How do you motivate your children?
I was recently asked this by a mother of children aged 5-12. As I struggled and groped to sound coherent I realised there isn’t a simple answer, as our self-discovery lies in years of parenting and the finding of each child’s unique ‘key’. Whilst short term motivation can be easier to obtain, the development of self-motivation is our aspiration and, I suspect my friend’s also.
When new parents, PC and I read Punished by Rewards: The Trouble with Gold Stars, Incentive Plans, A’s, Praise and Other Bribes – Alfie Kohn. Kohn maintains that the common strategy of managing people, children and adults alike, by dangling rewards, “do this and you’ll get that” works well in the short term. However in the long term it is ineffective and produces inferior work.
Despite accepting Kohn’s studies, over the years in the interest of ‘short term sanity’ we have fallen into the reward/punishment trap. “If you complete all your tasks you may have …..(computer, DVD etc)” These short term motivations may work well for some children, but we have had only minimal success with our children as they are not strongly motivated by external forces. The last couple of years have bought about a strengthening of self-motivation in our children, we credit two keys to this development; maturity and habits.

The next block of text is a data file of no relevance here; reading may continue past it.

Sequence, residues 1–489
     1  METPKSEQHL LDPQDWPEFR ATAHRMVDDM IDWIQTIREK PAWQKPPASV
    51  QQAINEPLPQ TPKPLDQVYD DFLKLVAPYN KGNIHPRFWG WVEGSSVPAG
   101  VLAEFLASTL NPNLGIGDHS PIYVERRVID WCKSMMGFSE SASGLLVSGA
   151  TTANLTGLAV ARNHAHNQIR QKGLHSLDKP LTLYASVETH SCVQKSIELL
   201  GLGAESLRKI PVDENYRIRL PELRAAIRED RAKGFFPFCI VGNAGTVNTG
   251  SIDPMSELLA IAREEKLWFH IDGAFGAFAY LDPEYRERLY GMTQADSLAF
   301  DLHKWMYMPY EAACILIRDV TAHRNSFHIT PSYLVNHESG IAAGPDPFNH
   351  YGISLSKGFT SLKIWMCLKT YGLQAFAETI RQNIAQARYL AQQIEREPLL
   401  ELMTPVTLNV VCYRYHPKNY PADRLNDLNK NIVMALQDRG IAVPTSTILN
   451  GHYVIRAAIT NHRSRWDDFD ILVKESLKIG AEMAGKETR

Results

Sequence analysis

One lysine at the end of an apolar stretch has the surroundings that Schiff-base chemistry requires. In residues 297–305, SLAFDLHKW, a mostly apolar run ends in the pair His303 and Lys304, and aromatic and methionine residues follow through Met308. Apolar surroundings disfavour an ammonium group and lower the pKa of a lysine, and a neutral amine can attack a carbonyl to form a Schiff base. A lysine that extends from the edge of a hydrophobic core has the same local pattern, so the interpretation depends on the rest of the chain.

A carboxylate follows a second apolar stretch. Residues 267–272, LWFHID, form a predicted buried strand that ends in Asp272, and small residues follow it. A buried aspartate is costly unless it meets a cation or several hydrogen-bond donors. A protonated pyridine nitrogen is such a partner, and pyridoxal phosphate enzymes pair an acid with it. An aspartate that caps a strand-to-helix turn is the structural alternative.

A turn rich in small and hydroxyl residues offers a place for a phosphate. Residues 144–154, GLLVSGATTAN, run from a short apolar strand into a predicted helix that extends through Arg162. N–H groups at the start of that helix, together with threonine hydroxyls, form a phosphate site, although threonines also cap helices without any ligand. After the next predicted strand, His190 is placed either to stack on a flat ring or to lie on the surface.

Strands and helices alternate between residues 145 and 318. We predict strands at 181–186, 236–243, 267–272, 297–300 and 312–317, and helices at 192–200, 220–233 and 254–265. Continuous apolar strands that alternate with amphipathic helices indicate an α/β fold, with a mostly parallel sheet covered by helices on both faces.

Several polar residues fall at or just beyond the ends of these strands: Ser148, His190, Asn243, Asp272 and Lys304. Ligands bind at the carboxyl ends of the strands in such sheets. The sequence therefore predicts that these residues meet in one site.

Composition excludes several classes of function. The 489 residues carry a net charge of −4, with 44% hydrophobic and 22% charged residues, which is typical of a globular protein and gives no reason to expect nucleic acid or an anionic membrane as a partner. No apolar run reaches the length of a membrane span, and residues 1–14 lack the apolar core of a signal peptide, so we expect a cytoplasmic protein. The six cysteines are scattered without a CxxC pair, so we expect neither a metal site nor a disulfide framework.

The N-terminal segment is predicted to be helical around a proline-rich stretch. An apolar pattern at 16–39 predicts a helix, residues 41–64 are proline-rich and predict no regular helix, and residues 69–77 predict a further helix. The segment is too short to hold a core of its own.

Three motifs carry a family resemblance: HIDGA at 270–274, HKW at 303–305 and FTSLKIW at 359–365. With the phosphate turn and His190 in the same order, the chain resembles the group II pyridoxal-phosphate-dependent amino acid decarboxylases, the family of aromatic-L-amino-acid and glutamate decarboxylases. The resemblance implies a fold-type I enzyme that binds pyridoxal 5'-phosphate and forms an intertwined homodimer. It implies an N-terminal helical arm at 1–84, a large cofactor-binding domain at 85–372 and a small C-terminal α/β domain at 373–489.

Maturity is a ‘wondrous thing,’ so many times during our years of parenting I have agonized and worried about issues and then…maturity ‘kicks in’ and the problem corrects itself. Knowing when to wait and let matters resolve themselves, and when parental guidance is needed is an intuitive part of parenting.
Habit formation is an integral foundation of Charlotte Mason philosophy. The cultivation of good habits aids a person in many areas of their internal and external life. “We know that to form in a child right habits of thinking and behaving is a parent’s chief duty, and that this can be done for every child definitely and within given limits of time. . . . ” (CM Series Vol. 2, p. 228).
To aid our desire to form good habits, the last few years have seen our introduction of ‘expectation sheets’, these lesson goal sheets have clearly defined the parameters of what is expected and have helped our children achieve their goals. The creating of these goals is a joint effort between us and our children.
Most of all a regular routine has worked wonders, creating an inward rhythm. We strive to get up at a set time, go to bed at a regular time, begin at a consistent time, limit screen time etc.
Habits are best formed when we, the parents, lead by example. Our, both parents and children’s, formation is but a ‘work in progress’ and needing much improvement. Success in this area ebbs and flows, with progress and ‘backsliding’, we can but try, focusing on, good habits producing further good habits.